Top Turkish court finds violation of rights in passport cancellation of dismissed academicians

The Turkish Constitutional Court has found a violation of rights in the cancellation of passports of eight academicians who were sacked from their state jobs via decree laws during the state of emergency rule.  

Academicians Baran Alp Uncu (L) and Prof. Dr. Ramazan Danış are seen in this collage photo.

Duvar English

The Turkish Constitutional Court has ruled that the authorities' move to cancel the passports of eight academicians who were expelled from their state jobs via state of emergency decrees (KHK) was a violation of the “right to private life.”

The top court ordered the state to pay 13,500 liras to each of the applicants, among whom are Prof. Dr. Ramazan Danış and Baran Alp Uncu, according to reporting by online news outlet T24.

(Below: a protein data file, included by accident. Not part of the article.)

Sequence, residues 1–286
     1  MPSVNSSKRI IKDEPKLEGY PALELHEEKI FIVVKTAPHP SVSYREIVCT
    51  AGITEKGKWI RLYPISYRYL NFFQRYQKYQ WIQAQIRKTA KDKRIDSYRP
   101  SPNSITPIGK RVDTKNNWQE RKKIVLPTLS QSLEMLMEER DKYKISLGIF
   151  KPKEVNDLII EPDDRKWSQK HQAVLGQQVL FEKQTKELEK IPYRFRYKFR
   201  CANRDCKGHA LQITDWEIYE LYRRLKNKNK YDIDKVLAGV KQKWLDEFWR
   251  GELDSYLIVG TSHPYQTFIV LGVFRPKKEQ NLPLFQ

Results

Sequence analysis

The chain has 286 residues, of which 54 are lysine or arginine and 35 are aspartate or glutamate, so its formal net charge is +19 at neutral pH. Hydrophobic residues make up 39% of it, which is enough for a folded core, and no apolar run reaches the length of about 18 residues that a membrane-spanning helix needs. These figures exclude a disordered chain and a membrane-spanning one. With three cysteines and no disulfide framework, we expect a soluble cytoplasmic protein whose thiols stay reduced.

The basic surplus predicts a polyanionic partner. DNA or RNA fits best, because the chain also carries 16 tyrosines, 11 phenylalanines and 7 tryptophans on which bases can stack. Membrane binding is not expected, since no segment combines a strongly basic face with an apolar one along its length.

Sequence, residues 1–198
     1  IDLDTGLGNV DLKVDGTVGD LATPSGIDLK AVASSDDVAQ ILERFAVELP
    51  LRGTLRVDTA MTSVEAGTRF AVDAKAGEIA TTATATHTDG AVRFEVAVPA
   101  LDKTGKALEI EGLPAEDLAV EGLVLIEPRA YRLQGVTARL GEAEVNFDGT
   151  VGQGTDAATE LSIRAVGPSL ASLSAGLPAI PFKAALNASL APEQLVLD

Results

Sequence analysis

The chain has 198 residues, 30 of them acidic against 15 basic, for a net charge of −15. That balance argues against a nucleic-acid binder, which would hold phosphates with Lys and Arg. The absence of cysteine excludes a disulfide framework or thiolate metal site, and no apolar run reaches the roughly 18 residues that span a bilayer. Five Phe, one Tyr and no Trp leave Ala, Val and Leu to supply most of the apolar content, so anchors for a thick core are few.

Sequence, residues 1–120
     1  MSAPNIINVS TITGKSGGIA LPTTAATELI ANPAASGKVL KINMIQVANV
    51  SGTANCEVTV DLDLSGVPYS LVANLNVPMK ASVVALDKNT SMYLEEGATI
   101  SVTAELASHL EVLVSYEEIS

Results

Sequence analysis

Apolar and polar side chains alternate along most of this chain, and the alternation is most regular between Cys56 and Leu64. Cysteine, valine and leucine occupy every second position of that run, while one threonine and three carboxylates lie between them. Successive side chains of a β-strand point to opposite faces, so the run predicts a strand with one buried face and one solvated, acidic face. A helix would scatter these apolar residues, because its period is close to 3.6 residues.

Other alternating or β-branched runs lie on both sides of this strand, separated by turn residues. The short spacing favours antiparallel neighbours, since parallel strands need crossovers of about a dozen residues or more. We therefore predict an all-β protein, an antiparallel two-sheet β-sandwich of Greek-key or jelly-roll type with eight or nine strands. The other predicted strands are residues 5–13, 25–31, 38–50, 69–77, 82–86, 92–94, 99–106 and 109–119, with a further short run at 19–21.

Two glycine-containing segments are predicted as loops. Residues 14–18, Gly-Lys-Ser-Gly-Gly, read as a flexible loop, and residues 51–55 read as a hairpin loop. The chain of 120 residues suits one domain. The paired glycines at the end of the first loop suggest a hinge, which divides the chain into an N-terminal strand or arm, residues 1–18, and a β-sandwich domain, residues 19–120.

The eight academicians’ passports were cancelled after their dismissal from the state with decree laws issued in the aftermath of the 2016 failed coup attempt.

The academicians filed lawsuits with local courts for renewal of their passports, but their appeals were turned down, as a result of which they applied to the Constitutional Court.

In its ruling, the top court recalled that there is no international travel ban decision on the academicians and that lower courts have failed to do enough research and analysis to protect the academicians’ rights.

“There is no judiciary decision banning the applicants from going abroad. Taking into account the fact that the applicants have strong professional connections to the countries they want to go to, the implementation of the measure (refusal to renew the passports) cannot be considered to be a compulsory and moderate measure in a democratic society,” the Constitutional Court said.

The top court also sent a copy of its decision to lower courts for a retrial to take place.